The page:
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AlStrong
22-Jul-2004, 23:00
Yeah, I know it's something a little odd to ask, but anyhoo...

I'm doing a mini program in openGL, and I want to implement collision detection between a box, 3 walls and a floor...

Anyone know of a good tutorial to implement this? The one I've found (NeHe's lesson 30 ) are somewhat specific to what those programs are doing. I was wondering if there's some general format I can follow...

:?:

Ostsol
22-Jul-2004, 23:07
I have yet to write a collision system consisting of more than just bounding spheres and cylinders, but here's a list of articles on the subject:

http://www.gamedev.net/reference/list.asp?categoryid=45#99

AlStrong
23-Jul-2004, 16:21
thanks, I'll go through those. :)

Simon F
23-Jul-2004, 16:40

It is awesome.

AlStrong
23-Jul-2004, 18:01
oooo..... :D

hm.... not understanding :( well, actually... see I'm just starting out, so right now I've got this cube and walls setup through GL_QUADS. I don't get how I might access the objects for use in the collision detection equations. Am I even making sense?

Infinisearch
23-Jul-2004, 19:42
Think of it like this any movable object in your game world exists in four distinct 'spaces', collision, physics, geometry, and the world. The world is your objects position and orientation, the geometry is the mesh that is associated with the object, mass/inertia tensor velocity/acceleration (linear and angular) all are properties of your object in relation to the physics 'space'. When it comes to collision you have a variety of different ways to implement your object representation in that 'space'.

The choice of representation is usually a tradeoff between speed and accuracy. For example a bounding sphere is a common collision primitive, a sphere that encloses all of the object is associated with the object and is used for collision purposes. Why a sphere? because imagine testing to see if two spheres collide, if the sum of the radius's of the two spheres is greater than the distance between there centers the spheres are colliding. This can be done lightning quick. The obvious drawbacks are that spheres will give you alot of faulty collisions depending on the actually shape of said object. So look up things like sphere trees, AABB, OBB, line swept spheres, bounding volume hierarchies. There are many papers out there for you to read, as well as libraries for you to look into DEEP, SWIFT++, PIVOT, SWIFT, H-COLLIDE, RAPID, PQP, V-COLLIDE, I-COLLIDE, IMPACT.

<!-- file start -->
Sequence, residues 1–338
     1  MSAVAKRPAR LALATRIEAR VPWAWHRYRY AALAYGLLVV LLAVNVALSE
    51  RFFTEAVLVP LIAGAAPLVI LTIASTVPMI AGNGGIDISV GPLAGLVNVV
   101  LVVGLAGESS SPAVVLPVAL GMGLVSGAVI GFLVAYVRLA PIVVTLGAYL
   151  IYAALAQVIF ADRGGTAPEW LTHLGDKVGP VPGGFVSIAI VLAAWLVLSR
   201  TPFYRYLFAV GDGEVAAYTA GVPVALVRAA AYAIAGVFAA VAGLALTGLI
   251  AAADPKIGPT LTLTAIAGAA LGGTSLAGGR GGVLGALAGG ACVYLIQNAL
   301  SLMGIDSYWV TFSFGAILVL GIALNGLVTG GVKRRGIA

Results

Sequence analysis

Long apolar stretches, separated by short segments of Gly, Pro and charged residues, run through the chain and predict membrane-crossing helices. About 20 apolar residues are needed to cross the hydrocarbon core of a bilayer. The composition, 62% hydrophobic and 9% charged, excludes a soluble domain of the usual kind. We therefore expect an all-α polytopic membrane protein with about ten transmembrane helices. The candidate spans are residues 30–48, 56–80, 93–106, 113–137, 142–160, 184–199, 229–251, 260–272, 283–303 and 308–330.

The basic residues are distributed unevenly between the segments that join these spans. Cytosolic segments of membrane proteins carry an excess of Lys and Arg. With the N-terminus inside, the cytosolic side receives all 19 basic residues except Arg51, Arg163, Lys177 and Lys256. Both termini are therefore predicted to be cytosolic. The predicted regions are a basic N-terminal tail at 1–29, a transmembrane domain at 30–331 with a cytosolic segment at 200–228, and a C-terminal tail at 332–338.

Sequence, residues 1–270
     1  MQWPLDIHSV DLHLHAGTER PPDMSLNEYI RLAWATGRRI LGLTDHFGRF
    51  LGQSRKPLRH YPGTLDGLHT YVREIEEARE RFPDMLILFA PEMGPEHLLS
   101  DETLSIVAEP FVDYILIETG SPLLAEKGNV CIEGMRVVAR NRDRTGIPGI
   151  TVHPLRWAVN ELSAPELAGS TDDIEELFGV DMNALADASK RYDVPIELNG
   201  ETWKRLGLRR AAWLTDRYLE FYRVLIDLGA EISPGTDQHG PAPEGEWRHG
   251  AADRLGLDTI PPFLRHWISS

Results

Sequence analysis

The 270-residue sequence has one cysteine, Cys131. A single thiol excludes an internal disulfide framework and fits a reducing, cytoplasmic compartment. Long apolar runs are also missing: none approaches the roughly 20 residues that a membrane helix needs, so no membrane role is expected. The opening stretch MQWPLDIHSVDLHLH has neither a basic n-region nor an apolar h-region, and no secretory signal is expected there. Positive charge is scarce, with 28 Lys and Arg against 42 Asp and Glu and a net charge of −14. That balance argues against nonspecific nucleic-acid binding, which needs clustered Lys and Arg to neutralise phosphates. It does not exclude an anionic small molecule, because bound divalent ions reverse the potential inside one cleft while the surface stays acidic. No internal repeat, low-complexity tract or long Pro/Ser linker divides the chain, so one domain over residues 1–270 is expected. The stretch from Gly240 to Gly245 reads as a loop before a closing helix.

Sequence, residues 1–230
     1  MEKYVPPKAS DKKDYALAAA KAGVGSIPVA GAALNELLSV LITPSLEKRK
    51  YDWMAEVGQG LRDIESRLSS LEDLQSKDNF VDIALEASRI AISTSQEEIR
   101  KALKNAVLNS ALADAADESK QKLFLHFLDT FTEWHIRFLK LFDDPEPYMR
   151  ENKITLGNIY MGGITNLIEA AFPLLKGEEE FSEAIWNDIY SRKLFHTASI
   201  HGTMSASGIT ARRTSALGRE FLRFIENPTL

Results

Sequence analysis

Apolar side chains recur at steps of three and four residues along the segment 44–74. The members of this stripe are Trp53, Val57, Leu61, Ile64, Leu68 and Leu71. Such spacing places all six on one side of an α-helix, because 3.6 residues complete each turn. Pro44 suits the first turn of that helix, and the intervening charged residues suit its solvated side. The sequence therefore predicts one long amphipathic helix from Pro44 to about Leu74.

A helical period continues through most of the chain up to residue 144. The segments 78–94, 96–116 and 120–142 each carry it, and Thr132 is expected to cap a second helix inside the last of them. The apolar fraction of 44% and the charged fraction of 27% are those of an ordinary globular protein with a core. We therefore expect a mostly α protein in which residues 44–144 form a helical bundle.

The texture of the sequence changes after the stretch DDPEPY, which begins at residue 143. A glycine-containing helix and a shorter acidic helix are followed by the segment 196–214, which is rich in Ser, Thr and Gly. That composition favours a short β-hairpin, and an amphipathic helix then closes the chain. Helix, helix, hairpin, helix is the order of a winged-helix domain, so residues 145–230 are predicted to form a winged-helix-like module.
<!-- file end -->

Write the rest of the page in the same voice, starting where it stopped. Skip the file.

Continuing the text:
(the previous all can be found here: http://www.cs.unc.edu/~geom/collide/packages.html) There are many more like the one thats integrated into ODE (a physics engine), i forget its name at the moment. Oh and there is a website by the name of magic-software, somewhere on there site is a table on the math of colliding various type of primitives with each other i.e. triangles and lines.

For you I would advise using a bounding sphere for the object and the plane equations for the walls and floor/ceiling (assuming they are flat). The plane equation is fast easy to understand and well documented.

AlStrong
23-Jul-2004, 19:53
whoa :shock: Okay, lots of reading to do, thanks :D

Yes, everything is flat, there's just a cube in the room which I can move or rotate in the x,y,z at the press of keys.

I was looking at the planes stuff, but it kind of flew right past me (implementation).

off to some reading, and perhaps back on monday for this thread (update).

edit: just to note.. there's a right parenthese in your link :wink:

Infinisearch
24-Jul-2004, 22:04
Plane stuff is pretty simple. This is from memory just so you get the concept don't mind the memory lapses I made note of what i can't remember at the moment. The plane equation is Ax+By+Cz(-/+)D=0 so you have a four vector of floats defining your plane. The normal or the whole thing including D must be normalized (forgot which) when you plug a point into the equation, the output is zero if the point is on the plane. If not its the shortest (line perpendicular from plane to point) distance to the plane, a negative distance means its distance D away from the plane on the other side of the normal. Long story short, if you use a bounding sphere and plug the current location of the center of said sphere into the plane equation, compare distance returned with radius of sphere... which will bring you to collision response which is another topic entirely. Just remember you need to stores collisions you can't just respond to them immediately, think collision in corner with two walls at same time.

AlStrong
26-Jul-2004, 15:25
ah.... I think I understand it better now. Thanks :)

*still working on code*

dborca
29-Jul-2004, 08:16
If you're a fan of Minkovsky sums, here is one fast collision detection for arbitrary polytopes. Really easy to implement/understand. Also, pseudo-code provided.

Kelvin Chung Tat Leung's thesis (http://www.geocities.com/kelchung220/thesis.html).